ACORE Summary of SEC Climate Rule Treatment of Renewable Energy

The U.S. Securities and Exchange Commission’s (SEC) rule, The Enhancement and Standardization of Climate-Related Disclosures for Investors, finalized on March 6, 2024, is a historic and unprecedented step in the country’s regulation of corporate climate information.1 This document summarizes the major elements of the final rules related to renewable energy use, generation, provision, and investment, which certain public companies will now be required to disclose in their SEC filings.

Climate-Related Targets, Goals, and REC Disclosures

I. Climate-Related Targets and Goals and REC Disclosures

a. Regulation S-K (Item 1504(a), (b), and (c)): The Overall Disclosure Requirement for Climate-Related Targets and Goals

Under Regulation S-K, SEC registrants are required to disclose any climate-related target or goal that has “materially affected or is reasonably likely to materially affect the registrant’s business, results of operations, or financial condition.” This disclosure requirement includes both publicly announced goals and internal, non-public goals, regardless of the specific climate-related issues they address, if they are determined to be material. While not specifically stated, low-carbon financing targets and goals are considered climate-related and are required disclosures if they are deemed material to the business. Similarly, renewable energy goals and targets are likely climate-related if they are deemed material to the business.

The registrant must disclose its progress in meeting the target or goal and how it has been achieved. Each year, the registrant must update its disclosure by describing the actions taken during the year to achieve its target or goal, but does not need to disclose interim targets. The required climate and goal disclosures include:2

  • The scope of activities included in the target;
  • The unit of measurement;
  • The defined time horizon by which the target is intended to be achieved, and whether the time horizon is based on one or more goals established by a climate-related treaty, law, regulation, policy, or organization;
  • If the registrant has established a baseline for the target or goal, the defined baseline time period and the means by which progress will be tracked; and
  • A qualitative description of how the registrant intends to meet its climate-related targets or goals.

b. Regulation S-K (Item 1504(d)): The Carbon Offsets and RECs Disclosure Requirement  

The final rules require a registrant to disclose certain information about carbon offsets and RECs if they are used as a material component of a registrant’s plans to achieve its climate-related targets or goals. The specific REC disclosures include:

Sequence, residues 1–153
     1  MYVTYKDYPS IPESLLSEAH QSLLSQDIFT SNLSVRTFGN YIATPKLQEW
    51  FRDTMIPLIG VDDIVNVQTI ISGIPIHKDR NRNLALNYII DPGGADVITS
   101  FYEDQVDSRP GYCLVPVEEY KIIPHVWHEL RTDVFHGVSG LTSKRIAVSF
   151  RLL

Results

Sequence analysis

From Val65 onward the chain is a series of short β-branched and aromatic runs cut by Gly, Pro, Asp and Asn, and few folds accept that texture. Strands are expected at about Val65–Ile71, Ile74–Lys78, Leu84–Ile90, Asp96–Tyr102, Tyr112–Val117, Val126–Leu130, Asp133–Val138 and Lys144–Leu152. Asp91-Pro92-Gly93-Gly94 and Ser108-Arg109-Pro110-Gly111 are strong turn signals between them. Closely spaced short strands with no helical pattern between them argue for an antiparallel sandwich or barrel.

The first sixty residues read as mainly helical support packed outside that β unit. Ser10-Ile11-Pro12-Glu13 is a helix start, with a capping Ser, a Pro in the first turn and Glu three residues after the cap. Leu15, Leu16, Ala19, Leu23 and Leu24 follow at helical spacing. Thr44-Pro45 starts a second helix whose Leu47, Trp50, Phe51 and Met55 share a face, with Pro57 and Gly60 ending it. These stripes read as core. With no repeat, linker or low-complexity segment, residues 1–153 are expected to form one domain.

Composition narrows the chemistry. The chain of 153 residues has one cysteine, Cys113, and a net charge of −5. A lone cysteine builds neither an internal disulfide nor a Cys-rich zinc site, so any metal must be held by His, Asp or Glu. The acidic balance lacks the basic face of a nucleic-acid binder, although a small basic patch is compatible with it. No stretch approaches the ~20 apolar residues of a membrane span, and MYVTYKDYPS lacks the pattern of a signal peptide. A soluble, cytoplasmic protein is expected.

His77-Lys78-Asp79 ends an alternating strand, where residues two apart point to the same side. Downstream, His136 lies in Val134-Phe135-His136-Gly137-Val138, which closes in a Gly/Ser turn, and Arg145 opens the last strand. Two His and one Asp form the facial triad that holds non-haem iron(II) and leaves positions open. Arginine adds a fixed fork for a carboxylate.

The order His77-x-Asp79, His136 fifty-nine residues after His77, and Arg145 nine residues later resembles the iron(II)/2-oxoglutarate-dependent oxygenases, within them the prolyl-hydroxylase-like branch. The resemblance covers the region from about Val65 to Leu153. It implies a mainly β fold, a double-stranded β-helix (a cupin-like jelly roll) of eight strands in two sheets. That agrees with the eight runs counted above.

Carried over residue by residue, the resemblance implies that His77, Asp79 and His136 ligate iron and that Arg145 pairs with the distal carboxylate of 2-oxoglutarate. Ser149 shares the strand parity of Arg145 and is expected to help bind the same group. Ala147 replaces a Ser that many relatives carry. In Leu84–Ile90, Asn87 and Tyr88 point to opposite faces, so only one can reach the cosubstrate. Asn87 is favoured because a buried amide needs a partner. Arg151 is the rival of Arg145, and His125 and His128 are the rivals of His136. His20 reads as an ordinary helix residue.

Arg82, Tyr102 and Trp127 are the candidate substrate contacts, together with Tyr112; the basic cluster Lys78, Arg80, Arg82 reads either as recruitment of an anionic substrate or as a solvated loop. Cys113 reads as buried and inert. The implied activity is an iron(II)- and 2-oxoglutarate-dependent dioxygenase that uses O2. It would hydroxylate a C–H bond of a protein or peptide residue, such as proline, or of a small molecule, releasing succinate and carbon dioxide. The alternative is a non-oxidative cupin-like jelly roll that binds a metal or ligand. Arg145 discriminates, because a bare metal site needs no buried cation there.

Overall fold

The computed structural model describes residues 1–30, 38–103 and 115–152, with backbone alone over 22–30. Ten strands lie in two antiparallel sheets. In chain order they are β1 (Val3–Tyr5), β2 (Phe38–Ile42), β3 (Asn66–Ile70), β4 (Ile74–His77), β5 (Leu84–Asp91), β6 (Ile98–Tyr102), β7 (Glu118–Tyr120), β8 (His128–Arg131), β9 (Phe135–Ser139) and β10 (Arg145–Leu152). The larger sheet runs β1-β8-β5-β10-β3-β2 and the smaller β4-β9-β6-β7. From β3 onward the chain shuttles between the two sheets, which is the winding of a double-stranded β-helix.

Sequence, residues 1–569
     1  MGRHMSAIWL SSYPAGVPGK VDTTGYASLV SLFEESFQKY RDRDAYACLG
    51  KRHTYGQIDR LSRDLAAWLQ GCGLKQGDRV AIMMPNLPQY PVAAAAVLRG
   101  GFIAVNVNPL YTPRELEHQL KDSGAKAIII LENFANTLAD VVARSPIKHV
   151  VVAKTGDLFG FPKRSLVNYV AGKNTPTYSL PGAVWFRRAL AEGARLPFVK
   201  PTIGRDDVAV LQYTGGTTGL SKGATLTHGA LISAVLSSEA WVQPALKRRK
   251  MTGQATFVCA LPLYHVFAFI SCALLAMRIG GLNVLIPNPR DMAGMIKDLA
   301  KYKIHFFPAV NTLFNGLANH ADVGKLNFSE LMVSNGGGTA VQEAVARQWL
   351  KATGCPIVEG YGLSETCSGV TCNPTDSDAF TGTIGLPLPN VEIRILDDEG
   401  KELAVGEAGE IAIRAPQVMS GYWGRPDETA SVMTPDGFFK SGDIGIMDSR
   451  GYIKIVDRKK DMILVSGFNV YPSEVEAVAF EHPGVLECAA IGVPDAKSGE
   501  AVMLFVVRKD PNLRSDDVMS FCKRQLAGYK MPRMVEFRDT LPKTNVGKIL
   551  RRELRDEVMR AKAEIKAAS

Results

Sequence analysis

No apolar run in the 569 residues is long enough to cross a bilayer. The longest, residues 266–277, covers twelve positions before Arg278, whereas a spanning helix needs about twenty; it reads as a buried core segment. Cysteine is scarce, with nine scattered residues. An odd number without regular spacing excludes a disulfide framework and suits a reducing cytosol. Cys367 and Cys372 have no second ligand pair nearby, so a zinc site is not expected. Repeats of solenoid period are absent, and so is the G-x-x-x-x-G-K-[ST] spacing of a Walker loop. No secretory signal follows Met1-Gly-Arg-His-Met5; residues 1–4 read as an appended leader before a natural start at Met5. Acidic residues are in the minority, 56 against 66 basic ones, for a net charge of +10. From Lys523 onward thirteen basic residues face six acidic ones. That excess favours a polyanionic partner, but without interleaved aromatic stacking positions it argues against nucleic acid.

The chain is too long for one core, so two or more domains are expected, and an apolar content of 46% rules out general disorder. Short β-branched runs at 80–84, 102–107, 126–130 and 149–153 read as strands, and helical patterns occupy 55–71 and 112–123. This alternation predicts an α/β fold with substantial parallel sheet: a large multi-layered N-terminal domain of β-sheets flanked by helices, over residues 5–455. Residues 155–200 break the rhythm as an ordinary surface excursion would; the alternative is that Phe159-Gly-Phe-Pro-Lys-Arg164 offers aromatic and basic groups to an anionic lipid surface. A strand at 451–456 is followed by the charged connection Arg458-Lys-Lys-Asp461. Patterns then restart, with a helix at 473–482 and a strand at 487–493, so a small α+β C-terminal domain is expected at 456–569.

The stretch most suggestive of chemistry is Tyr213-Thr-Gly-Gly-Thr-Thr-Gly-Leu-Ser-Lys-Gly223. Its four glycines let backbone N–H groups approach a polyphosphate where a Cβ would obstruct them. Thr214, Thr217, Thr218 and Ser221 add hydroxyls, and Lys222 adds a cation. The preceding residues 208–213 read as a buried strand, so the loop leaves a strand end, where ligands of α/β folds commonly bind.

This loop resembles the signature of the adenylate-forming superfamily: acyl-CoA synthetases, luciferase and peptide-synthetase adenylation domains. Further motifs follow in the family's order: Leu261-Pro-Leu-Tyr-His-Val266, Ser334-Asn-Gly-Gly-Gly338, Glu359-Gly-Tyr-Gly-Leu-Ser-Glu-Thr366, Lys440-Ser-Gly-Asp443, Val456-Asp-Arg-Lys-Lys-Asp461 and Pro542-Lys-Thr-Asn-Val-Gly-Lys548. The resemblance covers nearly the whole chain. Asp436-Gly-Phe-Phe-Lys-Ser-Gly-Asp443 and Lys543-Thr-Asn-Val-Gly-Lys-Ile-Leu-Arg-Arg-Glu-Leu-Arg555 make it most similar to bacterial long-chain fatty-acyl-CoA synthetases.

1. The amount of generated renewable energy represented by the RECs;
  2. The nature and source of the RECs (i.e., whether it is bundled or unbundled, and the party that has issued the REC);
  3. A description and location of the underlying projects;
  4. Any registries or other authentication of the RECs; and
  5. The costs of the RECs.

c. Regulation S-X (Rule 14-02(e)): Carbon Offset and REC Disclosures in Financial Statements

Amendments to Regulation S-X also require disclosures of carbon offsets and RECs in registrants’ financial statements if they have been used as a material component of their plan to achieve climate-related targets or goals. In the SEC’s determination, the required REC disclosures in Regulation S-X will also “anchor” the disclosures required by the amendments to Regulation S-K. The specific REC disclosures include:

  1. The aggregate amount of RECs expensed;
  2. The aggregate amount of RECs recognized;
  3. The aggregate amount of losses incurred on the capitalized RECs;3
  4. The beginning and ending balances of capitalized RECs on the balance sheet for the fiscal year;4
  5. Where on the income statement or balance sheet the capitalized costs, expenditures expensed, and losses related to RECs are presented; and
  6. The registrants’ accounting policy around RECs.
GHG Emission Disclosures

II. GHG Emission Disclosures

a. Regulation S-K (Item 1505): GHG Emissions Disclosure

Scope 1 and Scope 2 emissions disclosures are required for large-accelerated filers (LAF) and accelerated filers (AFs), if their GHG emissions are determined to be material. For those required to disclose GHG emissions, a third-party provided assurance report will be required at the “limited assurance” level beginning for FYB 2029 reports, increasing to a “reasonable assurance” level for LAFs after a transition period. Smaller reporting companies and emerging growth companies are not required to disclose GHG emissions. Reasonable estimates of GHG emissions with a discussion of their underlying assumptions and the reason for using them are permitted.